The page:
It occurred to me today that someone with a sharp eye, who has lived through New York City's art history as it's been made, might recognize this incredible molded acrylic structure pictured in the Museum of Modern Art's garden, with a kid running through it.
MoMA has this photo posted on the second floor, with no caption, but a date--1970--that turns out to be wrong. I emailed the image to veteran artist and critic John Perrault, and sure enough, he flagged it as a sculpture by Canadian-New York artist Les Levine.
Turns out it's called Star Garden, and it was displayed at MoMA in the Spring of 1967. It was made by softening and shaping acrylic sheeting called Acrylite using jets of hot air. There's a MoMA press release for the piece, and a May 1967 mention of it in Time. And it looks a lot like other molded acrylic pieces Levine was making at the time.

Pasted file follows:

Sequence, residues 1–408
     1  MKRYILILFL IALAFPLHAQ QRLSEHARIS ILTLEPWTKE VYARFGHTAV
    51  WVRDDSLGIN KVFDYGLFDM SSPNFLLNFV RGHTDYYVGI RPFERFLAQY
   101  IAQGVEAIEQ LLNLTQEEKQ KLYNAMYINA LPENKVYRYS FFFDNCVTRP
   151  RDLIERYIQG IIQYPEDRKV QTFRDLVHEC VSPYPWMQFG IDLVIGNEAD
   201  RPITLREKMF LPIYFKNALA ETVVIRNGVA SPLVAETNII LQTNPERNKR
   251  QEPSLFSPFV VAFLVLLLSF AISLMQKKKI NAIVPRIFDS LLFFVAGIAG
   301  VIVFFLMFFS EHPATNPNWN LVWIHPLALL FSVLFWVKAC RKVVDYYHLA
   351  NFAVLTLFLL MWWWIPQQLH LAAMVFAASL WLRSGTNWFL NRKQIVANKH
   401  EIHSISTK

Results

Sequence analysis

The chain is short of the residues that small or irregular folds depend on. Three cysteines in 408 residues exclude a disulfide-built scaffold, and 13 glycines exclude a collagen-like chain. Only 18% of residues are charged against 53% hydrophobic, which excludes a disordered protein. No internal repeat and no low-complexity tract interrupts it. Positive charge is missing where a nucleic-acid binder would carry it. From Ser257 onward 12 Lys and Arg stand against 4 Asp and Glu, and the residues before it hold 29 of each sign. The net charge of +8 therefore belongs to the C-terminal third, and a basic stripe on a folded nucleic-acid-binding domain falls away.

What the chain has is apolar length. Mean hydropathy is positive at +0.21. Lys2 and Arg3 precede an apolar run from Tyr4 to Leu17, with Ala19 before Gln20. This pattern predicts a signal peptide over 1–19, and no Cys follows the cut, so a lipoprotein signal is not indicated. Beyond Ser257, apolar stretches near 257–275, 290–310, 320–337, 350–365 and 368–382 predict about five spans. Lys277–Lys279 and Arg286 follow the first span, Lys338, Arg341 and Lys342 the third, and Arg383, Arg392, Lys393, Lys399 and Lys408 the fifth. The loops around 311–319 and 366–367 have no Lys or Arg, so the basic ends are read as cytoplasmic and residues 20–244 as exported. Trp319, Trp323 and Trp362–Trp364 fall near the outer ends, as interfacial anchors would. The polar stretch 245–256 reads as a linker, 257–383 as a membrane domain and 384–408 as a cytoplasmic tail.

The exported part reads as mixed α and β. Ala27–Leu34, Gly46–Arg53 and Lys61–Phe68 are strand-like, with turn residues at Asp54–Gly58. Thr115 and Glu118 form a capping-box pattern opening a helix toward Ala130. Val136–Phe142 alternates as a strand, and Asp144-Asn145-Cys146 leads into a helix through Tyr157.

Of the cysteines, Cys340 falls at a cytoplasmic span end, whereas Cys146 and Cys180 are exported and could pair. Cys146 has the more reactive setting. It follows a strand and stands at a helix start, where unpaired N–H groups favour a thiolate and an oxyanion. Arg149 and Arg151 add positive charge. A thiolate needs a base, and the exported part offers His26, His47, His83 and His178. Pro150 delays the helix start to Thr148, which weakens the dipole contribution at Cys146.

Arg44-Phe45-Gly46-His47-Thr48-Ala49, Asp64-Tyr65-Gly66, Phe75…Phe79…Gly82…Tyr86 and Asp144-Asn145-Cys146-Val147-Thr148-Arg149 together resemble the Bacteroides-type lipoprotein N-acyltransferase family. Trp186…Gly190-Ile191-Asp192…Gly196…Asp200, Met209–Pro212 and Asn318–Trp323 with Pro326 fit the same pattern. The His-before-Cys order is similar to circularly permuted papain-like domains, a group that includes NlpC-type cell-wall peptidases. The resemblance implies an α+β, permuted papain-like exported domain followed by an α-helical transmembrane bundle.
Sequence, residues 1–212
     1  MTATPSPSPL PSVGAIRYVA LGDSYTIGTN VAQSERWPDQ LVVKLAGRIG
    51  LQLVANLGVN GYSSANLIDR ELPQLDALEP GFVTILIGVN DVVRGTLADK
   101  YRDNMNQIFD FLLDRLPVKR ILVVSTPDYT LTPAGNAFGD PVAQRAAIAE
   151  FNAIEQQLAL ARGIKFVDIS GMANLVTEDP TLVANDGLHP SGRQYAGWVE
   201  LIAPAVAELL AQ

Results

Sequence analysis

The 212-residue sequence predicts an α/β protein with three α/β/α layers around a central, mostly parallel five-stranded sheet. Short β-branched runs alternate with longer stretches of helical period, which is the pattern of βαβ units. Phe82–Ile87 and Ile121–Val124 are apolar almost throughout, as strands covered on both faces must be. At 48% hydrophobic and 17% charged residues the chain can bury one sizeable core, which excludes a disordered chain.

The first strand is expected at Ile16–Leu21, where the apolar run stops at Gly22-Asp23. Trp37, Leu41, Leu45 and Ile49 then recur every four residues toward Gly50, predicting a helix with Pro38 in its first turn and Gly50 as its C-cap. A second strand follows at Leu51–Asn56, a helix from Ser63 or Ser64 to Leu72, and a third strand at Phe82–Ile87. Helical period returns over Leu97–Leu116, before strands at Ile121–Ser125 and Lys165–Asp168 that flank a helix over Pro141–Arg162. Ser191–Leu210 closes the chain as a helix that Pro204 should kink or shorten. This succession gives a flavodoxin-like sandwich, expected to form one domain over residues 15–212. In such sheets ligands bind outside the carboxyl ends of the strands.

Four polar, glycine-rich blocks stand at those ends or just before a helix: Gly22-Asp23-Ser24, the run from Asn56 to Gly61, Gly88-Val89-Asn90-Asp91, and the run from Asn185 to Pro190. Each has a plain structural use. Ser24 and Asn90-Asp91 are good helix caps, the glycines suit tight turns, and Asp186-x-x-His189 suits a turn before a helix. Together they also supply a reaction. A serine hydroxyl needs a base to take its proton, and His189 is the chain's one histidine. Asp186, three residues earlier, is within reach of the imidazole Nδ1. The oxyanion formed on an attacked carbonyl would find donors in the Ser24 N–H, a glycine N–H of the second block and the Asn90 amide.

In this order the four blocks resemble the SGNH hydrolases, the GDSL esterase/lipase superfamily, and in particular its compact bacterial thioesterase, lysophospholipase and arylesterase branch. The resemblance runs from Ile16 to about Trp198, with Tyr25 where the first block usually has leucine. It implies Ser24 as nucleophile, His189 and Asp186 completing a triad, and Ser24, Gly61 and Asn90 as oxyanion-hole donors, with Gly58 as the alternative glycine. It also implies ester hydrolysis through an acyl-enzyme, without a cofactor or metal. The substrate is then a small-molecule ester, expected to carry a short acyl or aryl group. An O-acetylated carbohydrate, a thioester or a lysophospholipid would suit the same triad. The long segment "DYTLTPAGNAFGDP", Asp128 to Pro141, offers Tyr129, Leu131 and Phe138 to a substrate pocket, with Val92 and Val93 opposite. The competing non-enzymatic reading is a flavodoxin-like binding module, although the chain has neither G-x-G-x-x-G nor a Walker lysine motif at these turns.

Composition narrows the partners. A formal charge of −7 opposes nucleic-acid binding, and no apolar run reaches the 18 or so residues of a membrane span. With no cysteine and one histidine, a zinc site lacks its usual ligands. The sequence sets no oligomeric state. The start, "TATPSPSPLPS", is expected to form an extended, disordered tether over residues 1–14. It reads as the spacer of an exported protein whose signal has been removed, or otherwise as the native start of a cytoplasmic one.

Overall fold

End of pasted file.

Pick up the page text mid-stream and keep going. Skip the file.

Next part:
There was a time when it'd take 2-3 years to solve a blog mystery like that; so three months is pretty good. Next?
works by Les Levine in York University's Canadian artists database [yorku.ca, many thanks john perrault]